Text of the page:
to search for the human remains. that's the humane and respectful thing to do. once they have that done and have what they believe are all the remains, they may not scour all the ocean floor to bring up the plane. it will be important to bring up the major pieces and they want to find all the humans who were on board, but they may not bring up all parts of the plane and there's always an issue in these very expensive underwater recoveries of who is going to pay. and in most cases the airline does not pay. they refuse to pay in many cases. so i think they'll take the major pieces. they will diligently search for all the human remains and then they might not bring up every little piece on the floor. >> all right. mary schiavo, many things as always. i appreciate it. >> thank you. still to come in the "newsroom," is the term radical islam inaccurate? the white house says yes and will not use the phrase when talking about the paris attacks. is the administration making a mistake? we'll talk about that next.
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>> we want to head to istanbul turkey now. the turkish government cracked down on not just a newspaper but the internet well. tell us more. >> reporter: carol, a couple of things have been happening. in the last hour or so we're hearing from turkey official news agency saying that a court in southeastern turkey has issued an order banning access to websites that have published that controversial cover of the charlie hebdo magazine. how this is going to be implemented and what the implications are are yet to be seen. this is a developing story.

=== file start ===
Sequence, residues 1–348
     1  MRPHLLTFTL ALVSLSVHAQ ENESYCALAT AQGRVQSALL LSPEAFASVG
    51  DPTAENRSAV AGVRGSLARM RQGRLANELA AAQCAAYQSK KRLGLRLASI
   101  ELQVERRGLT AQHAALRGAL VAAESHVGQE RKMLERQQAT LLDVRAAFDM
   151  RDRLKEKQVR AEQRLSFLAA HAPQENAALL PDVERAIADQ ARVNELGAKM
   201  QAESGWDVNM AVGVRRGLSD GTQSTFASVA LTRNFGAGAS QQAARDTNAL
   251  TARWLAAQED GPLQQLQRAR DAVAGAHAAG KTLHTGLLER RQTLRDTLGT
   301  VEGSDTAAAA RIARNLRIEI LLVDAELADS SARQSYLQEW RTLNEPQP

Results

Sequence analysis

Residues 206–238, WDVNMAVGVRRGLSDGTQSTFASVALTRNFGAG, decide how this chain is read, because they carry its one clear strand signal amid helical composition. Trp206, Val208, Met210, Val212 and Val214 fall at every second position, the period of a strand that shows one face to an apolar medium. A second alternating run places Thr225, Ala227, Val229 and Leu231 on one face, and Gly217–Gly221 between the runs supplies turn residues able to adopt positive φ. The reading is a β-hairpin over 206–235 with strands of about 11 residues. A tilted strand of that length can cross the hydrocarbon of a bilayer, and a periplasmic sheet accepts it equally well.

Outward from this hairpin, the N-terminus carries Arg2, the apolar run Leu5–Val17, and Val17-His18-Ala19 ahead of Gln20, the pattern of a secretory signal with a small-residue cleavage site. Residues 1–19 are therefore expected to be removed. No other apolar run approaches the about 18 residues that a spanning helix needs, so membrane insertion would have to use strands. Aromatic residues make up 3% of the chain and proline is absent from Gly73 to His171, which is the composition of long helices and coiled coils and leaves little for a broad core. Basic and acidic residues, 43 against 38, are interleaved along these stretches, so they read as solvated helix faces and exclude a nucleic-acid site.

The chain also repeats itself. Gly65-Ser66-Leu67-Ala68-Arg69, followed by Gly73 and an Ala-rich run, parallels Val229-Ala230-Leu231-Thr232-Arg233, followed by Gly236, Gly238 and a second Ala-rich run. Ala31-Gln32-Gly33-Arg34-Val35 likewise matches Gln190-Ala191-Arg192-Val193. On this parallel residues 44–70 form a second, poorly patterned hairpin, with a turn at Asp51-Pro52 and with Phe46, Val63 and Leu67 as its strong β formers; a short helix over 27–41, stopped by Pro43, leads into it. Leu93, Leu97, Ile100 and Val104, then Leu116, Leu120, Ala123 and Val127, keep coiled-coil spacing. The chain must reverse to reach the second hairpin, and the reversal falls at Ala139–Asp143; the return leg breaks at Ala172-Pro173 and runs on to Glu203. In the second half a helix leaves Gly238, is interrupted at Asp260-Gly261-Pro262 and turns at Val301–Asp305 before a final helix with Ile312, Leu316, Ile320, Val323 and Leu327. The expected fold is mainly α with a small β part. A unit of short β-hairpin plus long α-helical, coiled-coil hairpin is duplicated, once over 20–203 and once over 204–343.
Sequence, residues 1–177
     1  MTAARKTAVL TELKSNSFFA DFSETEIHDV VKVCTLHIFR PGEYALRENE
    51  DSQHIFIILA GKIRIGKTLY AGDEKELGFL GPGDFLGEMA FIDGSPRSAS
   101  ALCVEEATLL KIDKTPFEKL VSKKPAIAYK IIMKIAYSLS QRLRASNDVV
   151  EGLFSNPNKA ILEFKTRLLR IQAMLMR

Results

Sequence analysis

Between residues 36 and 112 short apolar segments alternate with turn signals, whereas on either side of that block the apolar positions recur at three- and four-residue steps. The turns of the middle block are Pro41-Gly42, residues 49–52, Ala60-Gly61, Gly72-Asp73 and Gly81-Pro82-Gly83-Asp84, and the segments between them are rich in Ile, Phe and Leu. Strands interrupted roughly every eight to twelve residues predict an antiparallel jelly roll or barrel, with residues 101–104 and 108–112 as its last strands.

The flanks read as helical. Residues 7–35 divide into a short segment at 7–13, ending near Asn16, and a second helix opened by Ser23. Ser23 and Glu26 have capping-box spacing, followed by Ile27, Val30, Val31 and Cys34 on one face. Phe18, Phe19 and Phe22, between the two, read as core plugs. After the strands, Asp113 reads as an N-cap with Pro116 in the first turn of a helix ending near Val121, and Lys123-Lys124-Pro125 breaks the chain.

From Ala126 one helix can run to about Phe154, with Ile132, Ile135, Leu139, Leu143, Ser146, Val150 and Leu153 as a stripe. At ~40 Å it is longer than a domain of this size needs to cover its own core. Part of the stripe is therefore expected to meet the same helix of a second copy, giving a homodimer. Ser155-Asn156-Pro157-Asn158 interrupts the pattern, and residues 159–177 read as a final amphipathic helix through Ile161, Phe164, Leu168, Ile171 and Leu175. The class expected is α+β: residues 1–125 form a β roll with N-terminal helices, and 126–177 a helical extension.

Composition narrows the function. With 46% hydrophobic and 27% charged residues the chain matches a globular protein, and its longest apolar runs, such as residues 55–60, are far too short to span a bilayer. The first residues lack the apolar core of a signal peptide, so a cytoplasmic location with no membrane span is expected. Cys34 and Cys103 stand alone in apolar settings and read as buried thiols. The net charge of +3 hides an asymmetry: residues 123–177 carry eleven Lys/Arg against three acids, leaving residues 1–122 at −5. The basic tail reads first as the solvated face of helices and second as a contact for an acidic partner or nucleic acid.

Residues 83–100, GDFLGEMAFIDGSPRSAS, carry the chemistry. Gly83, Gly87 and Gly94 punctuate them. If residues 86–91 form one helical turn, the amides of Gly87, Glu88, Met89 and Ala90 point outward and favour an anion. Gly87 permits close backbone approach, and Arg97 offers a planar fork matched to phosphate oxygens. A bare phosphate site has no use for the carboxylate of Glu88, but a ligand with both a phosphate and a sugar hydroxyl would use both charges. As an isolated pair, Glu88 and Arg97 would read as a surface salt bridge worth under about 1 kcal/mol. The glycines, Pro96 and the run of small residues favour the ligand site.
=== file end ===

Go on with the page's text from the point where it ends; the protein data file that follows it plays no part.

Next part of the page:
on the other hand what happened earlier today was turkey's oldest newspaper, this is a pro-secular newspaper decided to publish. this decision only made public last night that they were dedicating four pages to some of the latest selection of charlie hebdo cartoons from this latest edition and they did print them in today's newspaper. the editor there saying their chief editor in comments on their website and in his twitter account saying that they were doing this in solidarity for freedom of expression saying their own newspaper lost journalists to terrorism and they had to take this move in solidarity but said that after consultations, the newspaper decided not to publish that cover of the charlie hebdo magazine. however, what they did was if you look inside that newspaper,